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(Re)locating Sites of Memory in Appalachia Through Black Spaces and Stories


(Re)locating Sites of Memory in Appalachia Through Black Spaces and Stories

Appalachian Black schoolchildren, Omar, West Virginia, 1935 (Library of Congress)

“You know, they straightened out the Mississippi River in places, to make room for houses and livable acreage. Occasionally the river floods these places. ‘Floods’ is the word they use, but in fact it is not flooding; it is remembering. Remembering where it used to be. All water has perfect memory and is forever trying to get back to where it was.”

On August 28, 2021, a historical marker was placed on the main street in Jenkins, Kentucky, a once-booming coal town in the heart of Central Appalachia. Over a dozen alumni, their families, local officials, and community members gathered for the dedication ceremony commemorating Dunham High School (DHS), Letcher County’s all-Black high school that operated between 1931-1964. The marker stands by the road where it is visible to the cars and people who go by. Behind it sits the public library and coal museum, in place of the old train depot; beyond the library is the Catholic church. Just a little further up the holler is an empty plot of land—the site of Dunham High. In 1969, the wooden building burned to ashes. All that remains today is a concrete addition, unassuming and ordinary to the average passerby. A sign recognizing this space as the all-Black school was also put into the earth, exactly sixty-six years after the brutal murder of fourteen year-old Emmett Till in the Mississippi Delta. I recognized this significance as I stood with others under the hot sun, fanning myself with the printed words of “Lift Ev’ry Voice and Sing.” Just as others have done in Mississippi, we gathered in eastern Kentucky to preserve a space that holds us accountable to our history. It reminds us that the choices we make in remembering or forgetting shape the narratives we tell. And national memory is inherently intertwined with geography and physical space.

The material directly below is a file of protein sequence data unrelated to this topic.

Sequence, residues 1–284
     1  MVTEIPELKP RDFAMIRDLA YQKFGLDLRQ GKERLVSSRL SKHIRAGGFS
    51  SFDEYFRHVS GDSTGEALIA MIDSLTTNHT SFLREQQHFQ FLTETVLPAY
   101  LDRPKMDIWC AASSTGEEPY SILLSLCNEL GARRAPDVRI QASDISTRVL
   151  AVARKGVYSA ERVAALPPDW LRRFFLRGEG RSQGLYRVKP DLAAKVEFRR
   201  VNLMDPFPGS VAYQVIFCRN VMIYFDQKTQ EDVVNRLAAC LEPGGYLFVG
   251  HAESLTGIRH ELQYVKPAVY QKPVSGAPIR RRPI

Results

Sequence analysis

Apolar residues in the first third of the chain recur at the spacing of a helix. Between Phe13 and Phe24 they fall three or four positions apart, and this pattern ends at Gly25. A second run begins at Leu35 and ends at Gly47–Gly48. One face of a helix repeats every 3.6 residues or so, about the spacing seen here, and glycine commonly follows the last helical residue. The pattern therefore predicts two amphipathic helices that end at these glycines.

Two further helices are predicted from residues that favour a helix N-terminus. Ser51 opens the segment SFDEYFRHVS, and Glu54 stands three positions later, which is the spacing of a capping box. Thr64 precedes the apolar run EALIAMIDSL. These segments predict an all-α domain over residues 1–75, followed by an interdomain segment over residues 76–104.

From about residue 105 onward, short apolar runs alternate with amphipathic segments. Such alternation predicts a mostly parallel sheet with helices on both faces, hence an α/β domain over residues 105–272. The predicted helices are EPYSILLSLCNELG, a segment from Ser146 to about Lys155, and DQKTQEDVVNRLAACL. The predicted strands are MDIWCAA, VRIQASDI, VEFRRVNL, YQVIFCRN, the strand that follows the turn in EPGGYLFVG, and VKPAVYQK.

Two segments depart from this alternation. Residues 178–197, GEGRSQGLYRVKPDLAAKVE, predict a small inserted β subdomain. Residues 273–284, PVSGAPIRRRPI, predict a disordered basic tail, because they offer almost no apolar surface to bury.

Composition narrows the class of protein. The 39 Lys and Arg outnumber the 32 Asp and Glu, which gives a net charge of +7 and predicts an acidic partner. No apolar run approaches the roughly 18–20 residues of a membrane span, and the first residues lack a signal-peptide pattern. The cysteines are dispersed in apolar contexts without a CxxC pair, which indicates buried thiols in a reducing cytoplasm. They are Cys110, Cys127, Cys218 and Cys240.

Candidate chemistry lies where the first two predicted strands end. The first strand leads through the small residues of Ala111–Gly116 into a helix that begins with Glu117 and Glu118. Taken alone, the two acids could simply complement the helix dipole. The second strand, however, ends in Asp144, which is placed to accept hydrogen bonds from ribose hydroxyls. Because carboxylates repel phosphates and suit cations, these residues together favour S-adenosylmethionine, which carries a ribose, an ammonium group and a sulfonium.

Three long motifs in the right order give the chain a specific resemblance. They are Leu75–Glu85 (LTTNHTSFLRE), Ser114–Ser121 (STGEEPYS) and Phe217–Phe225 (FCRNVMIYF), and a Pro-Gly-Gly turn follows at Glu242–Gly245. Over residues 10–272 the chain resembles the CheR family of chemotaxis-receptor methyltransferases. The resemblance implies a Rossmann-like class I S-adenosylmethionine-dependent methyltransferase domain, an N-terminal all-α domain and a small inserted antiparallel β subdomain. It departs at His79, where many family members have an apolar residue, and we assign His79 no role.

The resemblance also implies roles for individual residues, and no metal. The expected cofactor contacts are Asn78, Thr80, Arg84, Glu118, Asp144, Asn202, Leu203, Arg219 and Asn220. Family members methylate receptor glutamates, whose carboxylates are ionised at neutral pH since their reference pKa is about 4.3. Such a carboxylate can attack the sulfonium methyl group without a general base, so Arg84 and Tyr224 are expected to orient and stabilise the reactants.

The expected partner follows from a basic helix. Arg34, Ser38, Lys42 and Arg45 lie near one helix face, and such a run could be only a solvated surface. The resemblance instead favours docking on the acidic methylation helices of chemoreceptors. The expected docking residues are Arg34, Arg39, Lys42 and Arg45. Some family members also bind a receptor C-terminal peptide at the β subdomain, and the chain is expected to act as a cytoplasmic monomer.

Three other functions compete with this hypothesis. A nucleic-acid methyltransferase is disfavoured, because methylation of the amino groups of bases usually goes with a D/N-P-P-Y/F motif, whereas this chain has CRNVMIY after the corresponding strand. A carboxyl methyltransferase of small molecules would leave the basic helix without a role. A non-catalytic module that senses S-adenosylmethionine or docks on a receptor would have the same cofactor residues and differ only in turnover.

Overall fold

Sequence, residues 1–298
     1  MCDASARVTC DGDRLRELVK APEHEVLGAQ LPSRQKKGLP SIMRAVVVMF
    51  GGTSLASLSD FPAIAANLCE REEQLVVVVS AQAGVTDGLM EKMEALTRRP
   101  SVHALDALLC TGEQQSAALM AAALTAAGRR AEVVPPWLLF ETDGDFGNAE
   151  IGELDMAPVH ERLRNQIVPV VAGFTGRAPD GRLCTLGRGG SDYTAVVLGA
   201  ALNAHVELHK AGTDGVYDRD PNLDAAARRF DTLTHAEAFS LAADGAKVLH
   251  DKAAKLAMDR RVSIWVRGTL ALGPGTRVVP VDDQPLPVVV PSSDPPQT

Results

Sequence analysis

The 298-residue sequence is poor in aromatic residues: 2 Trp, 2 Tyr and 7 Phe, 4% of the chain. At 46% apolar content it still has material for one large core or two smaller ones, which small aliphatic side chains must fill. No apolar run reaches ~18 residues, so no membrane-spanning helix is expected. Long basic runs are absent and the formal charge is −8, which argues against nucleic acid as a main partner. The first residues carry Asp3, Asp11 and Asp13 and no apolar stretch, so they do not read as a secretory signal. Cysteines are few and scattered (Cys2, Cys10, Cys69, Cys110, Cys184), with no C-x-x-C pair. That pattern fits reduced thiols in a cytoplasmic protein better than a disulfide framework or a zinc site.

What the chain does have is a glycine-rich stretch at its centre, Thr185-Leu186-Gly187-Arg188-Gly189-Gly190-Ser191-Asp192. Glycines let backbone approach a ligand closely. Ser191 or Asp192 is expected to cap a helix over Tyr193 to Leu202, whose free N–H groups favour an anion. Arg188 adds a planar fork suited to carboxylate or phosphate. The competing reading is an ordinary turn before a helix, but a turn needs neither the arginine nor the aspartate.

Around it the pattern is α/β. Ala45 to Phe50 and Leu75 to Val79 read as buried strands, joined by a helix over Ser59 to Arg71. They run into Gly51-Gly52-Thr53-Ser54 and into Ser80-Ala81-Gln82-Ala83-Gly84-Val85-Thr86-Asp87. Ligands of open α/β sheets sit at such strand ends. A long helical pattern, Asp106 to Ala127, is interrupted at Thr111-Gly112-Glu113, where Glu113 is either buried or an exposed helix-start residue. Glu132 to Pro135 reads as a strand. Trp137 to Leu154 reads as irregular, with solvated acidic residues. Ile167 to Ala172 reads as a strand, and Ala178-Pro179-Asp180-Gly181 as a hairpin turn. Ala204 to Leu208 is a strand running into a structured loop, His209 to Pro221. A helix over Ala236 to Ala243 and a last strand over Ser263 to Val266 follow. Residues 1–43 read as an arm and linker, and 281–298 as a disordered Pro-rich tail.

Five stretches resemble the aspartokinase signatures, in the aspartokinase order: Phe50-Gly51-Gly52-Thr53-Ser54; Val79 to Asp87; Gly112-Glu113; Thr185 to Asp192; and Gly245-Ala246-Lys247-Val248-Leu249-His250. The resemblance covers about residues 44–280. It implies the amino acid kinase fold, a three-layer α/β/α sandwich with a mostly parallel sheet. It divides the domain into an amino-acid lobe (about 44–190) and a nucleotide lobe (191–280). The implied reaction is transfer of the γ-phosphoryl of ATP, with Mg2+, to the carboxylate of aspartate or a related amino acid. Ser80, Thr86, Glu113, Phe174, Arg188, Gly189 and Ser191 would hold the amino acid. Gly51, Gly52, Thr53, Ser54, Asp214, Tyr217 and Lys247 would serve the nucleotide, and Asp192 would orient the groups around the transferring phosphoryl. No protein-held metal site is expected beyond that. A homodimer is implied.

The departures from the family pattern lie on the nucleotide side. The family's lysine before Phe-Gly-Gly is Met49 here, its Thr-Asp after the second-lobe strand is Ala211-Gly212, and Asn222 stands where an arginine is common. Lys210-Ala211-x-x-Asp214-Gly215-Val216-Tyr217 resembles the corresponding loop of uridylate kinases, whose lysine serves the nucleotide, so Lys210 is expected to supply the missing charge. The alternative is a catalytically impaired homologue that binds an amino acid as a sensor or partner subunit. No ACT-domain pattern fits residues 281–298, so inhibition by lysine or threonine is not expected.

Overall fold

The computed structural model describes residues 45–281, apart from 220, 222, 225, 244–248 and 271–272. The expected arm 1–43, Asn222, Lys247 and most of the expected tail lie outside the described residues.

Spaces tell stories. Structures of the mundane bear witness to the history lived and made within their walls. The narrative of our national landscape contains the ghosts of slavery and Jim Crow that linger and haunt…

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